Jelena Sekulic-Kuzmanovic

Ph.D. thesis

Thesis title:

Mesoporous and microporous titania membranes

[thesis in pdf format]




Prof. Dr. Ing. D.H.A. Blank

Assistant promotor:

Dr. Ir. J.E. ten Elshof


The research described in this thesis deals with the synthesis and properties of ceramic oxide membrane materials. Since most of the currently available inorganic membranes with required separation properties have limited reliability and long-term stability, membranes made of new oxide materials that can improve their performance are developed. Anatase and amorphous titania were chosen as mesoporous and microporous material for membrane development, respectively. The relationship between synthesis conditions and properties of the obtained materials could be understood by applying the theory of sol-gel chemistry of transition-metal alkoxides. The developed membrane systems containing Al2O3, SiO2 and TiO2 were evaluated regarding their potential for application in gas separation, nanofiltration and pervaporation.

Mesoporous titania membrane. Crack-free anatase-based titania layers with an average pore size of 7 nm can be obtained with a reproducibility of around 50%. On the basis of the hypothesis that cracking is caused by stresses that developed due to (partial) phase transformation at the calcination temperature and the low elasticity of the layers due to the low binder content, doping was employed to increase the reproducibility. Zirconia is a suitable dopant that not only retards the phase transformation of anatase into rutile to temperatures above 700 °C, but also leads to a material with higher porosity, smaller pore sizes, higher degrees of pore connectivities and larger internal surface areas. These zirconia-doped titania crack-free layers can be made with a reproducibility of nearly 100%.

Microporous titania membrane. Highly reproducible defect-free amorphous microporous titania layers with a mean pore size of less than 0.9 nm can be obtained on both mesoporous γ-alumina and titania/zirconia coated substrates. The upper limit of thermal stability of the amorphous phase in thin layer form is around 425 °C. Calcination at higher temperatures leads to crystallization into anatase, and layer cracking. The material is chemically stable in the pH range from 2 to 13.


Application. The development of mesoporous and microporous titania membranes introduces novel stacked membrane systems α-Al2O3 - TiO2 - SiO2 and α-Al2O3 - TiO2 - TiO2, along with the previously developed α-Al2O3 - γ-Al2O3 - SiO2, for the various membrane technology applications. Since the chemical stability of mesoporous anatase and microporous amorphous titania membranes is higher than those of γ-alumina and silica membranes, the application field of ceramic membranes can be expanded towards new processes that involve more corrosive chemicals. The mesoporous titania membrane can be applied in ultrafiltration, and possibly in nanofiltration. Furthermore, since the γ-alumina - silica membrane system already proved successful in gas separation and pervaporation, the system α-Al2O3 - TiO2 - SiO2 has potential in the same processes, with the additional advantage of higher chemical stability at low pH. The microporous titania membrane (system α-Al2O3 - TiO2 - TiO2) with pore sizes in the higher microporous range can be applied in pervaporation and in nanofiltration. Applied in pervaporation, the system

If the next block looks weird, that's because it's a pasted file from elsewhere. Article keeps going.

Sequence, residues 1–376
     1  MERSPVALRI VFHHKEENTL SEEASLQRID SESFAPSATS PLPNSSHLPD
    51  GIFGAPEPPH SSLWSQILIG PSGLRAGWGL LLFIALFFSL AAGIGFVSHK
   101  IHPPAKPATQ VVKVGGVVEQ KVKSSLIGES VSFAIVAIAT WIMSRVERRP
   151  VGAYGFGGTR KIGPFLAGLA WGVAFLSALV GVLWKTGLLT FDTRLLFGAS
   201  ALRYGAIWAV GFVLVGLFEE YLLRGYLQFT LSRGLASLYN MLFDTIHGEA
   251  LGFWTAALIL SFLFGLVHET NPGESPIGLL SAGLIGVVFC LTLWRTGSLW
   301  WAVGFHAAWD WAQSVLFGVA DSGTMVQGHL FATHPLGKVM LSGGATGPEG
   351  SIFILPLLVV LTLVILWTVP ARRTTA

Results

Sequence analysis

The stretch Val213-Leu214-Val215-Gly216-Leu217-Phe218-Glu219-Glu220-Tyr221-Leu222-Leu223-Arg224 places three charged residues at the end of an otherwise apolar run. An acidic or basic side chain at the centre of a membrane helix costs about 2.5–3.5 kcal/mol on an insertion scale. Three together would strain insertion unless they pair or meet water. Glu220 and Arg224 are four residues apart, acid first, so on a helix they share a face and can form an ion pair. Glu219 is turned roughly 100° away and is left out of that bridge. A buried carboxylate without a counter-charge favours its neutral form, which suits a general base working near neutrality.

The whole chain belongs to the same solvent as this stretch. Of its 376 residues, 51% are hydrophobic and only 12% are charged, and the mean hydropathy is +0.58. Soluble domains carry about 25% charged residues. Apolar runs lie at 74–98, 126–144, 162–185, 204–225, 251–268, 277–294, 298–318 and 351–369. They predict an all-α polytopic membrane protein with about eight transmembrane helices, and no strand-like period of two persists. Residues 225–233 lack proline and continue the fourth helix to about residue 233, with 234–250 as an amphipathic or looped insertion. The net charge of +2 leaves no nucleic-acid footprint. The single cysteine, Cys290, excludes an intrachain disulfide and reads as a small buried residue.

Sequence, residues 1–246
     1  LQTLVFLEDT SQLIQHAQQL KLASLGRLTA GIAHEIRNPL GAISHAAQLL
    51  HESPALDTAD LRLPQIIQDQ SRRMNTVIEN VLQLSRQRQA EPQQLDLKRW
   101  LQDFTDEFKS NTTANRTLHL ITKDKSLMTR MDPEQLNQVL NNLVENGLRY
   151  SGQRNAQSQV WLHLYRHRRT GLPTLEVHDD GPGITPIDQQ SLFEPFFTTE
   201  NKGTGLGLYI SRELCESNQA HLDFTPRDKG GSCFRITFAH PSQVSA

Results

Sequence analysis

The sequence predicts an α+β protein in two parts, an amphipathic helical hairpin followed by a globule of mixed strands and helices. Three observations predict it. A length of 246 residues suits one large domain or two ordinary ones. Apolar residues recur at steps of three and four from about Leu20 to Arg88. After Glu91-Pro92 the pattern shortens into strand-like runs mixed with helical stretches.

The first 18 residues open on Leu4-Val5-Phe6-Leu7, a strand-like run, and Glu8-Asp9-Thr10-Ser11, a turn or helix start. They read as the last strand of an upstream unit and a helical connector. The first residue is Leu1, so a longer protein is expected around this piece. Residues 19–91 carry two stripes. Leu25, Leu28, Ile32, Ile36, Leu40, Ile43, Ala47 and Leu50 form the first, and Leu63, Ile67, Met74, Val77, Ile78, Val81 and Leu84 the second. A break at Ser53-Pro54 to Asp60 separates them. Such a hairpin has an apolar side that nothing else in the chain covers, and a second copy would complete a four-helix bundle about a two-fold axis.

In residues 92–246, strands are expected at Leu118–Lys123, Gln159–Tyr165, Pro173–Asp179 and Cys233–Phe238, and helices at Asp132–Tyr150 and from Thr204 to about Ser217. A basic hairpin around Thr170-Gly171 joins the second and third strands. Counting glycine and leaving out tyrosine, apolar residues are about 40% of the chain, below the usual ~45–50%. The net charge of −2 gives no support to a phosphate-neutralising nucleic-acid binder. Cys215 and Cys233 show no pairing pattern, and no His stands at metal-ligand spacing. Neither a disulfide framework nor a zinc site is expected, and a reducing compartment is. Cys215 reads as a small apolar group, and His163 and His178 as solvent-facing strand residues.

γ-alumina/silica shows the highest separation factors, followed by the systems titania/silica, and titania/titania. However, the chemical stability increases in the same order. Therefore, the choice of membrane and support material strongly depends of the requirements of the specific application.

Pervaporation process. The adsorption-diffusion model and Maxwell-Stefan theory are applied in explaining separation mechanism and influence of process parameters on the pervaporation of selected binary liquids. The microporous titania membrane is found to be non-selective for small molecules (e.g. lower alcohols), because its relatively large micropores exclude molecular sieving as a separation mechanism. However, very high separation factors and reasonable fluxes were measured for ethylene glycol/water mixtures with not more than 5 wt% of water. The high separation factors for water obtained with ethylene glycol/water mixtures under water-lean conditions indicate a selective mode of separation that is based on a dynamically induced molecular sieving mechanism. It is shown that the membrane became selective under dynamic conditions, despite the fact that the pores are insufficiently small for size-selective separation. This principle may be applied in other dewatering processes, especially where it involves organic compounds that can strongly adsorb on the pore surface. In general, these would be molecules with a reasonable molecular size, a large dipole moment and/or the possibility to form one or more hydrogen bonds, e.g., ethylene glycol, dimethyl formamide, dimethyl sulfoxide, etc.

Microporous silica membranes can be used for separation of water from a wide range of alcohols. Separation occurs primarily due to a molecular sieving effect, however the chemical nature of the separating layer also plays a pronounced role. The system α-Al2O3 - (anatase)TiO2 - SiO2 has an improved chemical stability in comparison with the one containing γ-Al2O3 instead of anatase TiO2 and it can be applied in dewatering of alcohols. However, the choice of an intermediate layer material may also play a crucial role in the separation when the permeants’ molecular sizes do not exceed the maximum pore size of the membrane (e.g. for separation of ethanol/water mixtures). The use of γ-alumina as intermediate layer increases the hydrophilicity of the system, promoting water adsorption in accordance with the adsorption-diffusion permeation model.